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Building autonomous and sustainable territories: spaces for international dialogue and local advocacy for the promotion of responsible governance

sustainable territories

By Isis Alvarez*, Global Forest Coalition

On April 8-9, 2015, the local Government of the Azuay Province (Ecuador) carried out a workshop-seminar on autonomous and sustainable territories at the Cuenca University. Different national and international actors ranging from academia, social movements, NGOs, governments and more, participated in the event that looked at the different aspects for the realization of autonomous territories based on a radical democracy framework.

Thus, the provincial government of Azuay, NRG4SD, University of Cuenca – Gender Program, and UNDP, sponsored the event while recognizing the need for addressing new ways leading to an inclusive governance of territories that is strengthened by the diversity of social actors and from spaces given for reflection, analysis and the definition of wellness indicators. They intended to receive feedback that could facilitate the empowerment of the people over their territories while promoting reciprocity, gaining autonomy for contributing in government decisions, including the responsible use of natural resources. A special emphasis has been given to rural areas where strategic actions are developed in order to protect the commons such as water streams, forests, and food sovereignty.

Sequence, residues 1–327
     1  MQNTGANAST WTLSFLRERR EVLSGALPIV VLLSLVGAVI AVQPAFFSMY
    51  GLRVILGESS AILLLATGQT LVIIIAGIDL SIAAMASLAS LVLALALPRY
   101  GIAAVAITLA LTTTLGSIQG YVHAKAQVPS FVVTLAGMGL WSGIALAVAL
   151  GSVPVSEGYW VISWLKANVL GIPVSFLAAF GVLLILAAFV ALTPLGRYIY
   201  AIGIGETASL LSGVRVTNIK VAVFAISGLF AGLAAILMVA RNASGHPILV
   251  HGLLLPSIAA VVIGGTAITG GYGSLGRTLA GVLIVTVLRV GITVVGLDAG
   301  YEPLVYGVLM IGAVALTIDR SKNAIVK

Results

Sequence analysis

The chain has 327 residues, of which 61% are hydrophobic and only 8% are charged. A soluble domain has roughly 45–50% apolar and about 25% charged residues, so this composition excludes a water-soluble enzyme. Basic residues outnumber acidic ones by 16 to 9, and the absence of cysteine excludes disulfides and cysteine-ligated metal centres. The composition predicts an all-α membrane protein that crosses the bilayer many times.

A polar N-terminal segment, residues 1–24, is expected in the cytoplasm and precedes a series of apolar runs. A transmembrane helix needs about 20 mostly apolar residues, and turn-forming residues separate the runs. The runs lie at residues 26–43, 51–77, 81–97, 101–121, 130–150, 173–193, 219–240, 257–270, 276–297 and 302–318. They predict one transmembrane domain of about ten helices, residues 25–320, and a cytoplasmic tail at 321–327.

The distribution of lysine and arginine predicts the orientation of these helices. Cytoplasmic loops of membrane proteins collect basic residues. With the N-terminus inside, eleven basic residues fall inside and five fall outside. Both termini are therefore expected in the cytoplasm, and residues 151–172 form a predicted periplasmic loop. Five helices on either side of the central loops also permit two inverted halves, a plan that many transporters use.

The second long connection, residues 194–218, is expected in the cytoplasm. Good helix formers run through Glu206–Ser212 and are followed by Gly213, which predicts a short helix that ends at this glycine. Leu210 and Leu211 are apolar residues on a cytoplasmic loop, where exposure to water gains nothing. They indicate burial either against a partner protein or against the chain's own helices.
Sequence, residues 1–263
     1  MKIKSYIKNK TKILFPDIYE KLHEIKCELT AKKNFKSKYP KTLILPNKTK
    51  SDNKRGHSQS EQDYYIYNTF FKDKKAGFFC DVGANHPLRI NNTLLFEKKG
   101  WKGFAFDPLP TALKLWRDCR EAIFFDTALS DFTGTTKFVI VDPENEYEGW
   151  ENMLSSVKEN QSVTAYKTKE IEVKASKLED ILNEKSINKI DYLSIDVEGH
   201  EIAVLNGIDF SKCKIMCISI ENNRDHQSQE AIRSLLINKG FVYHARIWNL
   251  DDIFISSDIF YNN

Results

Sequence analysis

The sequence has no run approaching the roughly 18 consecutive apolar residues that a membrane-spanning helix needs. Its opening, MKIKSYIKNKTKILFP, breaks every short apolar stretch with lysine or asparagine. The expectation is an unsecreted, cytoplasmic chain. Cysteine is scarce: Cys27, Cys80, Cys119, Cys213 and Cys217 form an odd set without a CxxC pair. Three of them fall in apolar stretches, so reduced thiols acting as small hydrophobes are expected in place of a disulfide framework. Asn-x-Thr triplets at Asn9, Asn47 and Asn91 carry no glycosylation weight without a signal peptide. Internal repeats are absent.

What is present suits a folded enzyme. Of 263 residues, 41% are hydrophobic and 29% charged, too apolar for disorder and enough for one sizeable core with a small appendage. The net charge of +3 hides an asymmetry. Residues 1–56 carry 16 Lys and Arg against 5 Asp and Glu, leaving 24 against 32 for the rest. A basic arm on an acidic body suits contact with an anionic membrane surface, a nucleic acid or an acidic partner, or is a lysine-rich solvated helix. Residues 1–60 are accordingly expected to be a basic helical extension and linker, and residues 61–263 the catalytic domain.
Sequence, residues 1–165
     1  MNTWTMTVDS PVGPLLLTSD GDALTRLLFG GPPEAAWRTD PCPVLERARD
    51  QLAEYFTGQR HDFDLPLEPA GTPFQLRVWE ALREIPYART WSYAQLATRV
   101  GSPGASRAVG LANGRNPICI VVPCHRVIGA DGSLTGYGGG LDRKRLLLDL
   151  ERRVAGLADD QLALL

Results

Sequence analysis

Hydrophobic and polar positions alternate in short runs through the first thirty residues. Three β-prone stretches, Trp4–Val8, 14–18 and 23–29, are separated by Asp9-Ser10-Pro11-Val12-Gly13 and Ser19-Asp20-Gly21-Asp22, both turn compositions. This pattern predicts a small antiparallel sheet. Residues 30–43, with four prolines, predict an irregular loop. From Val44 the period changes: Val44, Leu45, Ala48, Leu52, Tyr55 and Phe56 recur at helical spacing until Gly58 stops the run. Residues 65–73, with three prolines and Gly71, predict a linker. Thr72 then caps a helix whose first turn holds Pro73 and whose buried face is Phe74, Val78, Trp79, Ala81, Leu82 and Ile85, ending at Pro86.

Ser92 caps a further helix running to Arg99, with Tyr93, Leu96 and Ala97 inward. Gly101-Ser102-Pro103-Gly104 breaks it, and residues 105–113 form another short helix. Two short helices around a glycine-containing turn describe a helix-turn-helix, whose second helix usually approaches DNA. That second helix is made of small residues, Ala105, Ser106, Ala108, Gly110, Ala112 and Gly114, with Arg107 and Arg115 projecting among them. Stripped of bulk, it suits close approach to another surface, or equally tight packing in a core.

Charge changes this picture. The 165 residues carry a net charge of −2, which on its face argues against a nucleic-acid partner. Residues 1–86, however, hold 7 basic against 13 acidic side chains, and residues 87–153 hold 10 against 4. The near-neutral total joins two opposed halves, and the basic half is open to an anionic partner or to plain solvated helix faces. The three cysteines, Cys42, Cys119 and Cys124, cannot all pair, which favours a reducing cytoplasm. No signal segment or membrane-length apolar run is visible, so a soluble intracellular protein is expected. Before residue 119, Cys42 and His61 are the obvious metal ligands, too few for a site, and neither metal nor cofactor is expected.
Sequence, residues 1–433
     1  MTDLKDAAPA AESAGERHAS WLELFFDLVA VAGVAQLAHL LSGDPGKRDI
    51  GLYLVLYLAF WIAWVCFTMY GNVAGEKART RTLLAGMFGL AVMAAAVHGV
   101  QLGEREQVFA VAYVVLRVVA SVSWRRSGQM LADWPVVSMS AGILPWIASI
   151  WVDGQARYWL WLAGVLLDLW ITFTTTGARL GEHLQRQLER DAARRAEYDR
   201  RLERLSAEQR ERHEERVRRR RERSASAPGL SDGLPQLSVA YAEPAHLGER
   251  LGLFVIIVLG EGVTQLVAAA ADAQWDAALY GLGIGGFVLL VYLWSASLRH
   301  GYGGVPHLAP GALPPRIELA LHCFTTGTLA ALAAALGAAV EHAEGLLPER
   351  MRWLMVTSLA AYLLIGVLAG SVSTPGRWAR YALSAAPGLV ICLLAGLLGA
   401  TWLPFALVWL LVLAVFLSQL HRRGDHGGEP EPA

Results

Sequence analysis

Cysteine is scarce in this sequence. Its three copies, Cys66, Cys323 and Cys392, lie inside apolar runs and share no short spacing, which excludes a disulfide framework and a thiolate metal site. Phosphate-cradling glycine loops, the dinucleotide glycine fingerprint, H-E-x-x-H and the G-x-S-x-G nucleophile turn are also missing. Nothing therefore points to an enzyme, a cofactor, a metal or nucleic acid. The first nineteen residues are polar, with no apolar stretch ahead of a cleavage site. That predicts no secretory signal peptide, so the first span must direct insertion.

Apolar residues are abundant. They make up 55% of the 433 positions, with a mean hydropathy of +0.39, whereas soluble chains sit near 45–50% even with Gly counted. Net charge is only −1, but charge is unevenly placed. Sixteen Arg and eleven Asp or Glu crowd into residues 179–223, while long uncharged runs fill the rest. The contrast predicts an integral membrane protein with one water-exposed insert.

The Network of Regional Governments for Sustainable Development (NRG4SD) – one of the co-sponsors of the workshop/seminar – is actively involved in one of the 9 Major Groups present at the different United Nations processes related to Sustainable Development – the Local Authorities Major Group; they have been promoting international meetings related to the above-mentioned topics and currently, actively engaged in the discussions of the post-2015 agenda, including the identification and formulation of indicators for the Sustainable Development Goals (SDGs). The Global Forest Coalition (GFC) was invited as a representative from civil society and to share its expertise from the Women’s Major Group (WMG) experience; given the pertinence of the topics, GFC’s presentation also emphasized in the governance figure of Indigenous Peoples and Local Community Conserved Areas and Territories (ICCAs) which has been promoted by the WMG throughout the Open Working Group sessions on SDGs.

sustainable territories